Rocío Mendivil did not have enough money to pay someone to transform the dusty 250 square meters of a former printing house into the concept store that she envisioned – brightly lit, with a minimalist and industrial design. So she did it himself: cleaned, plastered, installed the windows, polished the floor, hung the chandeliers. In 2016 the store was inaugurated with the name Amen, a gesture of thanks for having gotten it done. The logo is a phoenix, representing rebirth and the start of a new life. Large spaces and just a few clients at a time, a relaxed atmosphere that is in stark contrast to that of large chain stores. On the walls, plastered portions alternate with areas of exposed cement or brick, on which ink stains are still visible, left over from the building’s prior use. The floor is white, the ceiling is high with exposed cement and rebar. Only the entrance foyer is completely plastered over, creating a white and brightly lit box that welcomes visitors and houses several manikins and the checkout area. “Looking in from the outside, people sometimes mistake Amen for a contemporary art gallery, the objects being sold for installations,” explains Rocío. “When they realize it’s a store, they assume that they wouldn’t be able to afford anything, because they associate large empty spaces with luxury. I want to overturn this concept, using the aesthetic standards of luxury stores to sell medium-priced products. If champagne is served in boutiques, we serve Jägermeister.”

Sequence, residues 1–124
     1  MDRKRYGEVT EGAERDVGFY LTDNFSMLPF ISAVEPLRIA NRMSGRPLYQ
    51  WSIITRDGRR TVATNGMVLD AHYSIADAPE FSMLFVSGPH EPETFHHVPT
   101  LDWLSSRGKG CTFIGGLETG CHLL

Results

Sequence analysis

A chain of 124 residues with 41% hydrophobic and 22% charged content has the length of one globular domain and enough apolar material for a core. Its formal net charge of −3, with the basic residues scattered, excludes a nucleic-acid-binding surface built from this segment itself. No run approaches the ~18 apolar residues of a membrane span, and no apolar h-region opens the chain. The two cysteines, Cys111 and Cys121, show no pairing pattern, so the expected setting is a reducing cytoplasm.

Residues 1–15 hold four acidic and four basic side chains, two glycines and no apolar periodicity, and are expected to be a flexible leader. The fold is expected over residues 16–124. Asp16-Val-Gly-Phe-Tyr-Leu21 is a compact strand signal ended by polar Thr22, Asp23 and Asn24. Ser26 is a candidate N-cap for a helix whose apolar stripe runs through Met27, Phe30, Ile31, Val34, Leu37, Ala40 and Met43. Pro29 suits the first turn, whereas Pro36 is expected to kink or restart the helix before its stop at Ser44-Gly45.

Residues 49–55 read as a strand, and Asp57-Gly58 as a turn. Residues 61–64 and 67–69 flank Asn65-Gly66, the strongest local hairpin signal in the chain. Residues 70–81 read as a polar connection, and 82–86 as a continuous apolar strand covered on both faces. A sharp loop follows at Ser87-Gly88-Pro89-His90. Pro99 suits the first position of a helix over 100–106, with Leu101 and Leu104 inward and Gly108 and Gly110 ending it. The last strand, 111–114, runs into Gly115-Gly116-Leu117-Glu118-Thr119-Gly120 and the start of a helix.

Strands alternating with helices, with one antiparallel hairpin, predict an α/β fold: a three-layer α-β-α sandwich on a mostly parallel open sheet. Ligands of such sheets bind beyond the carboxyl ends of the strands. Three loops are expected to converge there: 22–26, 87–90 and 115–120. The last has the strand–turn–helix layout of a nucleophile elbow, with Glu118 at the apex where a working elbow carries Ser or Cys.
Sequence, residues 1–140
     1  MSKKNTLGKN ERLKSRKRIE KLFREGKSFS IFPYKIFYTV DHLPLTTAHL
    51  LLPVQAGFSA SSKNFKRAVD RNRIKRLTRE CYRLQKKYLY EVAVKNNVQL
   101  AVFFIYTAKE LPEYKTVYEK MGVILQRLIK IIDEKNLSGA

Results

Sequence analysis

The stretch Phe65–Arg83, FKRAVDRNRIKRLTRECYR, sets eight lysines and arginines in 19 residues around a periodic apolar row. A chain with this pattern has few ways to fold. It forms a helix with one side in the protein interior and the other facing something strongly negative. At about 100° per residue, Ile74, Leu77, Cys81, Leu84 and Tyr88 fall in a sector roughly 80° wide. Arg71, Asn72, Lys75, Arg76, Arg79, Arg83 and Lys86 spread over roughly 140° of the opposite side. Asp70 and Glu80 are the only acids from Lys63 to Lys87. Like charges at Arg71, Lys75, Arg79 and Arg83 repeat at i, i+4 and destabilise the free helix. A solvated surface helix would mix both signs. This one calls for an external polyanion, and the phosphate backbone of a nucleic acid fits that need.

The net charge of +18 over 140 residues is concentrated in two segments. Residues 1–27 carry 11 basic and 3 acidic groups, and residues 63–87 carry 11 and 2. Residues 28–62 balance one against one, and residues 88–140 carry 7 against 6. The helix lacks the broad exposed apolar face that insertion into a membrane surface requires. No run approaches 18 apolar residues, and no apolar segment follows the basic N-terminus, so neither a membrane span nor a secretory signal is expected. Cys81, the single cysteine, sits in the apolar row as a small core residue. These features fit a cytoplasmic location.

Before opening Amen, Rocío studied advertising and then worked on production for television commercials. She wanted to leave this stressful career to create jewelry, but instead first opened Speed&Bacon and then Enfant Terrible, transitional projects that were part store, part gallery. Amen is located at Calle San Andrés 3, in the Malasaña neighborhood of Madrid, also called the ‘barrio de las Maravillas’, ‘neighborhood of wonders’. It was first called this by reporter Mesonero Romanos in reference to the colloquial name for a convent of Carmelite nuns in the area, located between Calle de la Palma Alta and San Pedro – the convent itself was thus called because of an image of the Virgin Mary housed within. ‘Malasaña’, on the other hand, refers to a young woman who participated in the defense of Plaza del 2 de Mayo during Napoleon’s invasion of Spain. During the 1970s and 80s the neighborhood witnessed the rise of the Movida Madrileña social and artistic movement, a current of counterculture and youth that was born in resistance to the legacy of Francoism in Spanish society (and which also inspired Almodóvar’s last film, Dolor y gloria, in which the protagonist, Salvador Mallo, emerges and rises to fame during the height of the Movida Madrileña glory years). Today the area continues to be a hub of alternative culture and nightlife.